The 52-year-old Dutrow, who now trains his horses in New York, has a history of success and a history of violations. During Dutrow's pursuit of the 2008 Triple Crown with Kentucky Derby and Preakness winner Big Brown, he became the first big-name trainer to draw attention to the legal use of steroids in training.
But there is no getting around a long list of misdeeds — 85 at 15 tracks in nine states through Dec. 9, 2011, according to data on file with the Association of Racing Commissioners International. The violations are for a variety of offenses that range from hiding workouts to bringing a horse late to the paddock to drug issues. In the 1990s, he served a five-year suspension in New York because of his own issues with substance abuse.
When he came back to the horse racing in 1998, he began rebuilding his career and became one of the sport's most successful trainers — a performance that is continuing unabated. This year, Dutrow's horses are winning at a 33 percent rate. He has 40 wins in 120 starts and is ranked No. 7 nationally, according to Equibase. His horses finish in the top three 74 percent of the time, and as of Friday had won $1,768,583 this year.
Dutrow also trained the late Saint Liam, who was Horse of the Year in 2005 and is the sire of Havre de Grace, the filly who finished fourth in the Breeders' Cup Classic in November.
No one seems to be questioning the performances of Dutrow's great horses, primarily because of the extensive testing done after Triple Crown, Breeders' Cup and graded stakes races.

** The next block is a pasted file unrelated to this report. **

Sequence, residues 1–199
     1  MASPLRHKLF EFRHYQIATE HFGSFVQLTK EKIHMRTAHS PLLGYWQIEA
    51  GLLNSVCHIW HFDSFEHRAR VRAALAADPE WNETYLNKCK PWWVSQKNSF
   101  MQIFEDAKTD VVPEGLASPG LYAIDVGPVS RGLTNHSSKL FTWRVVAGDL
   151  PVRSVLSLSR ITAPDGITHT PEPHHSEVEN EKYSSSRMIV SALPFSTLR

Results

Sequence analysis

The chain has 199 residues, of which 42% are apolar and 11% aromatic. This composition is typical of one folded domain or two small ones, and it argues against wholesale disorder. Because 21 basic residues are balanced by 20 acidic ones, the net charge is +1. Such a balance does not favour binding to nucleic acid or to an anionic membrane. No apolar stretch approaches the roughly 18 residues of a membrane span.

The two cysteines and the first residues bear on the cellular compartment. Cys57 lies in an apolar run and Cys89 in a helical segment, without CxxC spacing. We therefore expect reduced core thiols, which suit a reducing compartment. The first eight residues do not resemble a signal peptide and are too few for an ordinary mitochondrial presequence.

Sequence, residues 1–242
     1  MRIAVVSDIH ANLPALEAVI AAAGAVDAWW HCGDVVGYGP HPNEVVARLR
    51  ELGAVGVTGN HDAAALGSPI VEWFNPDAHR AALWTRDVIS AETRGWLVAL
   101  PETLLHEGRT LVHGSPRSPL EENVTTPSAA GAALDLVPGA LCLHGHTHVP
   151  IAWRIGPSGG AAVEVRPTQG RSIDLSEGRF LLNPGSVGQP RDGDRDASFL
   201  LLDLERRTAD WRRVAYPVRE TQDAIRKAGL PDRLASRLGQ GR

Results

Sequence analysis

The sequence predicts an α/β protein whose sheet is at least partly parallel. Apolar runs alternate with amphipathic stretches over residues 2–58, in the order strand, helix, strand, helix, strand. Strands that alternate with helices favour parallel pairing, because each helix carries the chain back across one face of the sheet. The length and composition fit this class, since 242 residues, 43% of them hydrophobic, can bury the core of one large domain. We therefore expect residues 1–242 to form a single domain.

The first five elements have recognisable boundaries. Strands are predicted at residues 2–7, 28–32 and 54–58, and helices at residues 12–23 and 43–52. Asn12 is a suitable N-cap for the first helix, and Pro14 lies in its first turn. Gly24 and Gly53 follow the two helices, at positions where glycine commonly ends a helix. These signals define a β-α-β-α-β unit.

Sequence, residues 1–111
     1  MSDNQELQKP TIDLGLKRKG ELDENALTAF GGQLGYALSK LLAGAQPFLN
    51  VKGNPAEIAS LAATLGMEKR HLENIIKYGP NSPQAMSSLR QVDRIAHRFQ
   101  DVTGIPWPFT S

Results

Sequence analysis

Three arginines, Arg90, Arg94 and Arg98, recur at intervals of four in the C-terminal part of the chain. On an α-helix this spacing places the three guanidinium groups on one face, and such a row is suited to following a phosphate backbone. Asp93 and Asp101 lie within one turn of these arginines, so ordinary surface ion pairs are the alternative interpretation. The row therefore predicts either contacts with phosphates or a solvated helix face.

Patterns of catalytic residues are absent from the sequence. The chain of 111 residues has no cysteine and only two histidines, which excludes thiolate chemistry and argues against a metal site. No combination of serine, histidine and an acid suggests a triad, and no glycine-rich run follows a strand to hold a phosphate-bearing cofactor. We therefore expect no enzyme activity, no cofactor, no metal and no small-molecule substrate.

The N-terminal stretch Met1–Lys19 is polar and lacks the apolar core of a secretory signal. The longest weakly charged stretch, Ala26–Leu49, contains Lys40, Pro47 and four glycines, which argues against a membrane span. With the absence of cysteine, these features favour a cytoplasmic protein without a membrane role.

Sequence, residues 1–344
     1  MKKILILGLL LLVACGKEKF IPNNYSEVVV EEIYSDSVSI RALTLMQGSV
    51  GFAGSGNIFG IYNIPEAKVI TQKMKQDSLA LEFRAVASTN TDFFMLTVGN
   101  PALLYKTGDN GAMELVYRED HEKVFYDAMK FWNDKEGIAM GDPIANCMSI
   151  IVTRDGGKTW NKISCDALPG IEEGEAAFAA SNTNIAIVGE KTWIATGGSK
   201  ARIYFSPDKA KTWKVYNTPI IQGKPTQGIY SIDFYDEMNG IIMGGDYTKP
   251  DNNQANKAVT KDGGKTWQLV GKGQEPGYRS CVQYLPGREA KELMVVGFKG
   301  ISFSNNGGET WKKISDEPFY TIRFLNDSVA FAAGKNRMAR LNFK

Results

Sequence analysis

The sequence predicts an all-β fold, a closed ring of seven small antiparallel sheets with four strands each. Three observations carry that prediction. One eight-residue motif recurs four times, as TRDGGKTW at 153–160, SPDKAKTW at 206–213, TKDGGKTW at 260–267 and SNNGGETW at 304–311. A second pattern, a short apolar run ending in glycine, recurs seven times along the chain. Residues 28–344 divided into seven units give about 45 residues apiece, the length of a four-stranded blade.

"It never entered my mind," Laurel Park trainer Tim Keefe said when asked whether he had doubts about the performances of Dutrow's winning horses. "The races they won, they came up clean. I don't think the shine goes off them. I think they're truly great horses.
"But I don't understand why owners with great horses continue to send their horses to people like that [with questionable reputations]. Why subject your horse to the possibility of that? If I'm an owner, my horse isn't going to a trainer with drug violations."
In February 2011, Dutrow was suspended for 60 days after one of his horses tested positive for a banned pain killer and an additional 30 days after hypodermic needles were found in a desk drawer in his barn. Dutrow testified that he knew nothing about the drugs or the needles, and he is appealing the suspensions.
He continues to train his horses while Koenig pursues his appeal in New York.
Dutrow said Koenig has advised him not to speak to anyone while he pursues the appeal.
"Rick has paid his price for past violations," Koenig said. "And I think the number of violations people are throwing around are gross misrepresentations of the situation. To say he's had 64 past equine drug violations is not true. Many of those violations were simply failures to file the proper paperwork.
"We feel one reason he's in this position is that he appealed the two most recent suspensions ... and they're just trying to punish him for appealing."
Tony Dutrow, who trained 2-year-old filly Grace Hall to a second place finish in the Breeders' Cup Juvenile Fillies, is emotional about his brother's situation.
"Ricky is my brother, and I don't want to get him thrown off the racetrack," Tony Dutrow said. "But Ricky's not innocent. Ricky has had numerous violations and penalties. He has been counseled by many people. I've come down on him; so have a lot of others. He's had counseling. It's not the industry's fault. It's Ricky's fault.
"He's my brother. I love him and I respect him. But this is a nightmare, and it saddens me."Copyright © 2015, The Baltimore Sun